Wait to catch these tigers by the tail

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The Independent Online
Nowhere has the turmoil in world stock markets been more apparent than in the Far East. With markets in this region anywhere up to 40 per cent down on a few months ago, investors may wonder why they invested their money in the first place.

In general, the advice from fund managers is that those already invested in the region should stay put for the moment. They still see the long term as positive for the region, and there are good selective buying opportunities at the moment.

The Far East has three financial blocs: Hong Kong and China; the developing south-east Asian markets or "tiger" economies, including Thailand, Malaysia, Indonesia and the Philippines; and Japan.

Until its recent crash, Hong Kong was seen as the most stable market. But as the economic position deteriorated elsewhere in Asia, investors started taking profits in Hong Kong. The market went into freefall as overseas investors worried that the Hong Kong dollar would not be able to stay pegged to the US dollar. Panic selling resulted.

The market is now off its worst levels, but experts hold mixed views on its prospects. John Hatherly, head of research at M&G, believes investors should stay away until the currency issue is resolved. "Why take the risk when you can invest elsewhere?"

Others are more positive. Fidelity believes Hong Kong is still the best place to invest in Asia. So does Graham Bates, chairman of Leeds-based independent financial advisers Bates & Partners. "Hong Kong is now part of China, forecast to be the largest economy in the world in 30 years. The recent falls present some buying opportunities in Hong Kong, providing you have a medium- to long-term horizon." Mr Bates recommends the HSBC Hong Kong Growth unit trust.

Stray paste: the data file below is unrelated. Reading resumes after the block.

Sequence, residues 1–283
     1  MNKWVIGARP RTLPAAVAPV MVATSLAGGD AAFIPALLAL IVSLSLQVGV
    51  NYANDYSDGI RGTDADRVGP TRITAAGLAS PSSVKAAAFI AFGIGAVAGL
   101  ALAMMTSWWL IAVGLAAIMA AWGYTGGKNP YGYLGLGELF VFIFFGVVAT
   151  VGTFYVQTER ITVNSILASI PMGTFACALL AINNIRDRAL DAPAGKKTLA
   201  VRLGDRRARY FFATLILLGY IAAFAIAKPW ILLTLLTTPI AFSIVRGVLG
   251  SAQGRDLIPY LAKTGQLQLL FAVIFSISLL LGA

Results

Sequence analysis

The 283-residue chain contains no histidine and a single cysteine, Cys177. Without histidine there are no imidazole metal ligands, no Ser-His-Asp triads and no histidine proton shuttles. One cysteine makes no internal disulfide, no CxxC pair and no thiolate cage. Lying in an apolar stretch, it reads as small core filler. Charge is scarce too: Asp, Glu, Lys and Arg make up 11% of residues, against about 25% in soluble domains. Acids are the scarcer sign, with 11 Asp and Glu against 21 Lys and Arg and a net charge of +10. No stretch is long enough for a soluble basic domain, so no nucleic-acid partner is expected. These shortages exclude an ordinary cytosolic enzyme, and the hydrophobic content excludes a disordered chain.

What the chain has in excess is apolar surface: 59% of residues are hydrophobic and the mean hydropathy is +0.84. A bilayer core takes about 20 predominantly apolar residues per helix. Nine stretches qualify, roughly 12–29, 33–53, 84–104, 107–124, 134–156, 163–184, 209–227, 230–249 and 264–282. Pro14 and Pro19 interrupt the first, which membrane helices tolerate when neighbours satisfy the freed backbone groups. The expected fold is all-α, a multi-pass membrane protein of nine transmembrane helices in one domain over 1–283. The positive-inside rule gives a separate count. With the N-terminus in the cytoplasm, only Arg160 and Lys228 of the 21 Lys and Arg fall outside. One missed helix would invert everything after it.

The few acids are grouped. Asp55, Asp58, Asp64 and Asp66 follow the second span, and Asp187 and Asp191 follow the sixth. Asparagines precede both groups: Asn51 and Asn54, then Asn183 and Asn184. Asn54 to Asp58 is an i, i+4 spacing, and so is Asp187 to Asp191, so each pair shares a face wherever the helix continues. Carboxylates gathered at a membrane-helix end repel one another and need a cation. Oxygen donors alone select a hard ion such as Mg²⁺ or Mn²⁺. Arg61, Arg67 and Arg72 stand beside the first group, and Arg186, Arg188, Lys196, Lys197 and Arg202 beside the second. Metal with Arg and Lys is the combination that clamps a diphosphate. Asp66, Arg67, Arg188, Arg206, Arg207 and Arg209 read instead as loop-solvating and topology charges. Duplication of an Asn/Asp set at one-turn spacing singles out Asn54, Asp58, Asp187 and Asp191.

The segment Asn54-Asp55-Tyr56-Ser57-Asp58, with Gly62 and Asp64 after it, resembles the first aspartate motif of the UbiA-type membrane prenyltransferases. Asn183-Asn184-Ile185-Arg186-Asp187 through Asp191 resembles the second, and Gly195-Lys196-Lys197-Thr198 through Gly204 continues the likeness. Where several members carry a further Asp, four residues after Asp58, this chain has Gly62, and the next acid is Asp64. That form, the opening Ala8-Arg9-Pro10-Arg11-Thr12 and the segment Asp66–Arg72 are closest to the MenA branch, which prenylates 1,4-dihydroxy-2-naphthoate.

There is less enthusiasm for other parts of the Far East, as the tigers' growth slows and company profits suffer. Weak currencies have meant UK investors losing out even more when converting proceeds into sterling.

Most experts suggest new investors stay away until these markets settle down. Over the long term, Ian Millward, investment marketing manager at Chase de Vere, believes these markets can still appeal to investors looking to build up a highly diversified international portfolio. "There's good growth potential there, but you don't want to try to pick a single market. Be prepared to invest for at least seven years," he says. "Consider the Fidelity Asean unit trust. But most investors should choose a broad-based Far East fund." Mr Millward favours the Schroder Pacific unit trust.

Japan is the major regional bloc and the world's second-largest stock market. It grew rapidly until 1989, but the economy has since faltered. The Nikkei index is less than half its peak. Few fund managers expect imminent economic recovery.

But Japan is expected to recover over the long term, so global investors may want some exposure there, says Alan Gadd, managing director of HSBC Asset Management. "You should capture the first stage through a broadly based Far East fund."

q For Bates & Partners' free booklet on investment in China and Hong Kong call 01132 955955.

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